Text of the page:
October 1, 2009
I still say my biggest impetus for deciding to become true blue is Coach Cal. What an amazing guy. And he never ceases to impress me. Most recently the Herald-Leader’s Jerry Tipton at Kentuckysports.com posted a story that solidified the idea that this new coach is going to be like no other — except maybe Rupp — but with much more emotion and outward sincerity.
Tipton writes that Cal has been writing letters to his players, something he does before each season, as a way to help them define their goals. And he’s not looking for the loftiest of lofty goals.
Baby steps seems to be Cal’s mantra.: “My job is to keep these guys in the moment, not worrying about November and December. I must keep them in today. Then there’s no anxiety. There’s nothing crazy. There’s nothing overwhelming. There’s no, ‘Oh, my gosh, what if we … ‘” What a way to inspire, it’s indeed counterintuitive to how most people do things these days. How could anyone (win or lose) not have confidence in this guy?
I still can’t wait for the season to begin so I can dig in for real.
September 10, 2009
Kentuckysports.com reports that Calipari will be in New York for a book-signing of his latest book, Bounce Back, on Thursday and plans to visit the World Trade Center site afterward. Proceeds from the book will go to the September 11 Memorial and Museum.
“Knowing that I will be signing books in a store adjacent to the World Trade Center site on the eve of 9/11 moved my wife, Ellen, and I to make this donation in hopes of honoring those who lost their lives on that solemn day eight years ago,” said Calipari.
August 10, 2009
Thanks to youtube.com he can. I’m gonna go practice. 😉
August 5, 2009
Over at John Clay’s blog he posted an excerpt from Adam Zagoria’s (of Zag’s Blog) interview with Coach Cal regarding the coach’s preference for playing three point guards. Now, I’m assuming this strategy ties in with Coach Cal’s use of the Dribble-Drive Motion Offense (I feel so cool talking the jargon). I’ve been reading up on the offense over at a site called coachesclipboard.net, and I get the strategic gist, but frankly the squiggles and the zigs and the zags and references to cut-backs and wings make my hair ache — yes, I said it makes my hair ache. So, your job, should you choose to accept it is to:
1. Find me a site that has, or provide on your own, a simpler user friendly description of the Dribble-Drive Motion Offense; and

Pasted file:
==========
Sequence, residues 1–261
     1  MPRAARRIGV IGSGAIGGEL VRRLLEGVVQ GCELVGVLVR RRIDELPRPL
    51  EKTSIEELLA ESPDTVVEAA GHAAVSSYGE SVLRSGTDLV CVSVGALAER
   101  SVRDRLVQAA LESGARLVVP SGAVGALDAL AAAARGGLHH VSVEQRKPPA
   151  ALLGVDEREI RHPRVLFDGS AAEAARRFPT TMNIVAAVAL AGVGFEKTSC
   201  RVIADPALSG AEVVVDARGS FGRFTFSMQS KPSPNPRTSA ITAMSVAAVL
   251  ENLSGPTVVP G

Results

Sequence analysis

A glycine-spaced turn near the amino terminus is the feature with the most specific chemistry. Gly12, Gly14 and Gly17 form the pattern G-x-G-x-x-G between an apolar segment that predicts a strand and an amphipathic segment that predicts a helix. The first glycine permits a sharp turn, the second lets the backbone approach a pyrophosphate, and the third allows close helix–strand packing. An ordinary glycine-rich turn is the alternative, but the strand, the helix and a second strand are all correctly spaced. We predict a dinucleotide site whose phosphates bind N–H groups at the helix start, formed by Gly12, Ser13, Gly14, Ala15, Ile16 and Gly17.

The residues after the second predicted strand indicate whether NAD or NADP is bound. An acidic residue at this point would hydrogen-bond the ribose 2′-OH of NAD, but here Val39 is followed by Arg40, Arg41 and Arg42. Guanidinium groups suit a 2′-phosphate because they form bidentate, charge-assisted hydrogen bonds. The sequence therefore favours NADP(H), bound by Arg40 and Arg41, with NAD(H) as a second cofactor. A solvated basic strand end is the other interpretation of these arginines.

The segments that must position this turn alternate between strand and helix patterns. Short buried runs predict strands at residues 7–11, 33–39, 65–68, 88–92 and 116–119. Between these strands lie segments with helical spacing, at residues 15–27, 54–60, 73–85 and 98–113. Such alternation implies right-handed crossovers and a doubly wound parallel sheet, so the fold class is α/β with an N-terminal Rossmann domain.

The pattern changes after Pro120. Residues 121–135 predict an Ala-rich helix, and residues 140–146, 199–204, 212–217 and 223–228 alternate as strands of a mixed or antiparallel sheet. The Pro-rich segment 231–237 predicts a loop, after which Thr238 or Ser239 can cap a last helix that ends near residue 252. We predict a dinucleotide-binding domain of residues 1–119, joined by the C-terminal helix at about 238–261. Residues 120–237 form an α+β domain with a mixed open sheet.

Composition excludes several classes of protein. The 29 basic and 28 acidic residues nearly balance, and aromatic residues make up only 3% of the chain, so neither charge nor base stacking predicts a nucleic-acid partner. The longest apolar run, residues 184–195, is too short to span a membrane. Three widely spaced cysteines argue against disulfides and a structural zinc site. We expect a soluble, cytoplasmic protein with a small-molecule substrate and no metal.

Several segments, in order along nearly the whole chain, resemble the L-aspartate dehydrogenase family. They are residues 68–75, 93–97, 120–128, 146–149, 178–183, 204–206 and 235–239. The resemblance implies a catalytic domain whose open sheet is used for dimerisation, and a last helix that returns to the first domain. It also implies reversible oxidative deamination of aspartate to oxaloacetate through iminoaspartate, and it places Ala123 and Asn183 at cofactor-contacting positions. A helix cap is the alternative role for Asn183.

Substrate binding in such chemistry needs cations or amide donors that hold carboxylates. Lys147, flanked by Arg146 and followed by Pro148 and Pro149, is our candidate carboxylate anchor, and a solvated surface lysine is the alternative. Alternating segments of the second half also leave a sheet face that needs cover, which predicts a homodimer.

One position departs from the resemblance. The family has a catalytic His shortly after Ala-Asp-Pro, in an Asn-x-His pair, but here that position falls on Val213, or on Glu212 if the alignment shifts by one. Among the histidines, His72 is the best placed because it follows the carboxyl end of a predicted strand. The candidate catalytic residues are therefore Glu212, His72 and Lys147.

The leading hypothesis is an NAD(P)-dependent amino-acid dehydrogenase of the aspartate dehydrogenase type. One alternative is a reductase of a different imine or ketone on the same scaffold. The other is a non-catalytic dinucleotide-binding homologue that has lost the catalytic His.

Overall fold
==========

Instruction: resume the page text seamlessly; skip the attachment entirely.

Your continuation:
2. Explain to me how the three point-guard technique optimizes the offense (assuming that’s the purpose of the three point-guards).
Or, as Linda Richmond might say, the Dribble-Drive Motion Offense is neither a motion nor an offense. Discuss.
UPDATE: Vaught’s Views references some Coach Cal comments where he refers to teaching the cats “a totally new way to play.” Talking about the same thing?
August 4, 2009
We received a great response — point by point I might add — to yesterday’s question of the day. The answers came from Gray over at razorbacktalk.com. Oh, and I especially loved the answer to No. 6.
Here they all are:
1. No big deal about not having walk-ons although Mark Krebs is slated to return, maybe with a scholarship.
2. I wrote the coaching staff and got an invitation to walk-on. Cameron Mills wrote that after getting a scholarship offer from Georgia and new SUV from his dad, his dad talked Coach Pitino into allowing him to walk-on.
3. Walk-ons have to be eligible, of course. Some have played significant minutes.
4. Mills got a scholarship by his junior year.
5. Mills was a walk-on turned shooting star his junior and senior years on scholarship. Ravi Moss contributed significantly as a walk-on. Mark Coury started as a PF but played sparingly for Gillispie. Marquis Estill served as a walk-on for one season due to a numbers crunch.
6. Mills claimed his dad got a bill for $8 every time he pulled a donut off the buffet line.
C.J. Henry was a walk-on at Memphis who did not play his freshman season for Coach Calipari. As he was in the Yankee Minor League he enjoyed a nice signing bonus. Henry is now at Kansas with his brother Xavier.
Oh, and one last thing — A special thanks to John Clay over at the Lexington-Herald leader for linking to our blog’s Question of the Day.
August 3, 2009
I got a heads up from Wildcatworld.com about an article at informationweek.com on Twitter as a “transformative power” and, in particular, Calipari’s adroit use of it.
[Calipari] has used Twitter relentlessly to help rebuild . . . passion and excitement within the Wildcat community, to reestablish the sense of community among the many hundreds of thousands of fans, and to constantly communicate with high-school coaches, recruits . . . donors to the UK athletic program, students, sportswriters and broadcasters, and any and everyone else who can influence the fortunes of the University of Kentucky basketball program.
Read the insightful article.
July 23, 2009
I’ll admit that this little adventure of mine was most likely precipitated with the entrée of Coach Cal onto the scene. The panache, the charisma, his social awareness, and (yeah, this is the nerd in me) his embracing of digital media. Come on, the guy’s on Twitter! Gillespie wouldn’t have even considered such a thing . . . unless maybe you got rid of the w and the t-e-r. Anyway, UK’s just announced that Coach Cal is now on Facebook! UK also announced that “in addition to his new Facebook page, Calipari rolls out the official John Calipari website, http://www.coachcal.com on Thursday. The website is scheduled to launch at noon on July 23.”